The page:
[dns-operations] Trusted Community Representation for Root KSK

Kim Davies kim.davies at icann.org
Thu Feb 6 20:37:36 UTC 2014


Hi folks,

ICANN is currently performing a consultation on how to evolve the participation of Trusted Community Representatives in the management of the root key signing key. I think this consultation is of particular interest to this group as ultimately these TCRs are there to instill trust in the DNS operations community that the KSK is being managed in a proper fashion.

I'd encourage you to provide feedback to this consultation — available at http://www.icann.org/en/news/public-comment/tcr-dnssec-key-signing-21jan14-en.htm — by 11th February. It is important we have a model of TCR participation that is satisfactory to the community.

For convenience, here are the terms of reference replicated:

Background

Since July 2010, the DNS Root Zone has been secured using DNSSEC[1]. The model of using DNSSEC in the DNS Root Zone revolves around a “key signing key” (KSK) that is managed by ICANN in two secure facilities. Four times a year, a ceremony is conducted at these facilities to perform operations involving the KSK. As a key part of this process, a minimum of three from a pool of 21 trusted community representatives (TCRs) attend each ceremony to enable access to the secure materials, to witness the procedure, and to attest that the ceremony was conducted properly[2].

Each ceremony is attended by ICANN staff, the TCRs, representatives of the Root Zone Maintainer (Verisign), representatives of an independent audit firm retained by ICANN to monitor the process, and often additional external witnesses. Ceremonies are recorded by three audit cameras and webcast online. A typical ceremony lasts approximately four hours, and involves a process of temporarily removing the key signing key from a safe and performing key-signing operations in a secure manner following a formal script. The script is designed to perform each operation in a transparent manner to ensure the key signing key is only used for its proper purpose, and there is no ability for its contents to be disclosed for other purposes. Materials from each ceremony — such as the scripts, video recordings, and system output — are posted online[3].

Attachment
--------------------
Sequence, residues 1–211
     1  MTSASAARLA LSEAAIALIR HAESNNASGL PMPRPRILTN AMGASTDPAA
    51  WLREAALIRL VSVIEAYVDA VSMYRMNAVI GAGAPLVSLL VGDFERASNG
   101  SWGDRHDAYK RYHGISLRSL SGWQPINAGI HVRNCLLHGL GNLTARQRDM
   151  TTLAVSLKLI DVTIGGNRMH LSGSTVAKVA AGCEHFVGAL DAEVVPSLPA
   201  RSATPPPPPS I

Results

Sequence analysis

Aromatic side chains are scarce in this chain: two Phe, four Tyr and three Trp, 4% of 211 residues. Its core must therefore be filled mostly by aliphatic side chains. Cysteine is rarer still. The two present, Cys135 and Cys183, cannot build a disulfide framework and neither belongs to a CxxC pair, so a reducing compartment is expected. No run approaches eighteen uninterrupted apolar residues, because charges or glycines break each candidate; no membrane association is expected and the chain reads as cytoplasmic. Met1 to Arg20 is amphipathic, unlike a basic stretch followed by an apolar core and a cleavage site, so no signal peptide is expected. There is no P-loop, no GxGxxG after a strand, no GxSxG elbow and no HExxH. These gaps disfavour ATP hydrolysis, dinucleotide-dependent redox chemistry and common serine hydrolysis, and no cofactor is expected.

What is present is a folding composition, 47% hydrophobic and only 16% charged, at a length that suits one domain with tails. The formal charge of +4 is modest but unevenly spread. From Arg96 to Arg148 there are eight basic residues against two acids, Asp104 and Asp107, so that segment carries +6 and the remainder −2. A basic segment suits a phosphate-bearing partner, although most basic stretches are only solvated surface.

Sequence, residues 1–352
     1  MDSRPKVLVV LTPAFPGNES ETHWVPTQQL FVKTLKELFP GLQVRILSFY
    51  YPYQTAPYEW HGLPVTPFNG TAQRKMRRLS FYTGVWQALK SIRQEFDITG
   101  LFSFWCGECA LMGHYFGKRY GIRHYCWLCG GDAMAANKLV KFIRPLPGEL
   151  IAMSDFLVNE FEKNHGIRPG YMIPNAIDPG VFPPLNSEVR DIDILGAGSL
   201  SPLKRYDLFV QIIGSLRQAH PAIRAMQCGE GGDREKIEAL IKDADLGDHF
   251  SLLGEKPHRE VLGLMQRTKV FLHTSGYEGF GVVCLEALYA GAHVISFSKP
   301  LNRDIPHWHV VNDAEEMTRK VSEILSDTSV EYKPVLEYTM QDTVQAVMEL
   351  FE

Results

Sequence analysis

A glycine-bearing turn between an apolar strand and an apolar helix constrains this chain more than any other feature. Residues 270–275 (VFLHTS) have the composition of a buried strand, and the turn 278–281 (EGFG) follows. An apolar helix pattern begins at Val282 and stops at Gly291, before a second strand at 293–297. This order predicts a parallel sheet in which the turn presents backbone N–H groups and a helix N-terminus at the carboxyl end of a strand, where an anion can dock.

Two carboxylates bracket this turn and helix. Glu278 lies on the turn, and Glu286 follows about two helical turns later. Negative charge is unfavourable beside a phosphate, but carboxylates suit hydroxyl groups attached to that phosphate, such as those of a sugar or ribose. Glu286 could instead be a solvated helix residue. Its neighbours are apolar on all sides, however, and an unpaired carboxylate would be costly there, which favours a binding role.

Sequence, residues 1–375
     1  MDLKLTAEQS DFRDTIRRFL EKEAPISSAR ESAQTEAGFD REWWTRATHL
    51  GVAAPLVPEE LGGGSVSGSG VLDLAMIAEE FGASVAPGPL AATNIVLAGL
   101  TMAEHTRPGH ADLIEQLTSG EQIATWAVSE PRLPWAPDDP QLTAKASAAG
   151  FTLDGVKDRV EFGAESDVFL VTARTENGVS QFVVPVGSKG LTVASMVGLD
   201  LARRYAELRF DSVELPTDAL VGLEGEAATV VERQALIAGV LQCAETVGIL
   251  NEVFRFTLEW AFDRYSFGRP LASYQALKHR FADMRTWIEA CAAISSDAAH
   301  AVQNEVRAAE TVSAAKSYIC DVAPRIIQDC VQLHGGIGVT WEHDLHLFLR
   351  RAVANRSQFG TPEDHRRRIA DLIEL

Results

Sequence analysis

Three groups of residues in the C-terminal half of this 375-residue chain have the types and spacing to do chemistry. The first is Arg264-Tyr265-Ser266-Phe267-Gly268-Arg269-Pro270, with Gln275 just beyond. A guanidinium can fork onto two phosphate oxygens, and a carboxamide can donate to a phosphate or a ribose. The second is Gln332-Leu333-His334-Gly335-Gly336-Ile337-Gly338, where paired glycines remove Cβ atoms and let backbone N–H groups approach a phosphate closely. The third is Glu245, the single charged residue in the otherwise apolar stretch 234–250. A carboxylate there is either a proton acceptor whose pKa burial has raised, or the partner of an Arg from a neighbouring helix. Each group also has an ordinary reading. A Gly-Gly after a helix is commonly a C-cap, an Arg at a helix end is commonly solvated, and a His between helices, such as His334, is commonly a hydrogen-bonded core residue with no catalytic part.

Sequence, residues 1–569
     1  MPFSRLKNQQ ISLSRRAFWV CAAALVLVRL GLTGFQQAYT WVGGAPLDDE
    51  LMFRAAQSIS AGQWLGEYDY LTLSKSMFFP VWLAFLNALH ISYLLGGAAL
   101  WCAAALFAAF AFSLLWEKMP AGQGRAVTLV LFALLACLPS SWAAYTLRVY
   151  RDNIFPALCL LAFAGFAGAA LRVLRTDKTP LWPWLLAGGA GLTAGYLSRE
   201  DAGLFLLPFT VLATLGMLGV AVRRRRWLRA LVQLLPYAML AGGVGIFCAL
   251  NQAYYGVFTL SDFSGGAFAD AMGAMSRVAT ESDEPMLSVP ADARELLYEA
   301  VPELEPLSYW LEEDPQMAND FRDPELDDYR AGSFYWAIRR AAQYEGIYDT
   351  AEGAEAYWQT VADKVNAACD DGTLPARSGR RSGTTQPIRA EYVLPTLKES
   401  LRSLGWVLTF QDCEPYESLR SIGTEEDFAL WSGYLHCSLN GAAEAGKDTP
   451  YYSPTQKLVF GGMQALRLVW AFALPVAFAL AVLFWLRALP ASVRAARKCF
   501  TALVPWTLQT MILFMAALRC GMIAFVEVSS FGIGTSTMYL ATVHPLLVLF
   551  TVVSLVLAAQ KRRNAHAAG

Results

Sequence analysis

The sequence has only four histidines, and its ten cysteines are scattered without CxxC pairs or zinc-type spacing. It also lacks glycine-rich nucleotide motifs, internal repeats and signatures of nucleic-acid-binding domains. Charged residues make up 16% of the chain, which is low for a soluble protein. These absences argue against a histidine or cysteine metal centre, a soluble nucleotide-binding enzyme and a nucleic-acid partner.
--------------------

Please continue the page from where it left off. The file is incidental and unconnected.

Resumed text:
De-briefings and discussions are conducted post-ceremony, where participants discuss how to improve future ceremonies. This feedback helps inform the evolution of the KSK ceremony to be both efficient and effective, while ensuring maximum trust in how ceremonies are performed.

The TCRs were selected[4] from the global community based on a number of criteria[5]. These selection criteria relate to the volunteers ability to travel to ceremonies, conscientiously oversee the process, ensure transparency in its operation, and ultimately contribute to the broader community's trust that the private component of the key signing key has not been compromised. The TCRs are privately funded volunteers who are not reimbursed or compensated by ICANN for their participation nor their expenses. The original TCR proposal was silent on the length of service of individual TCRs.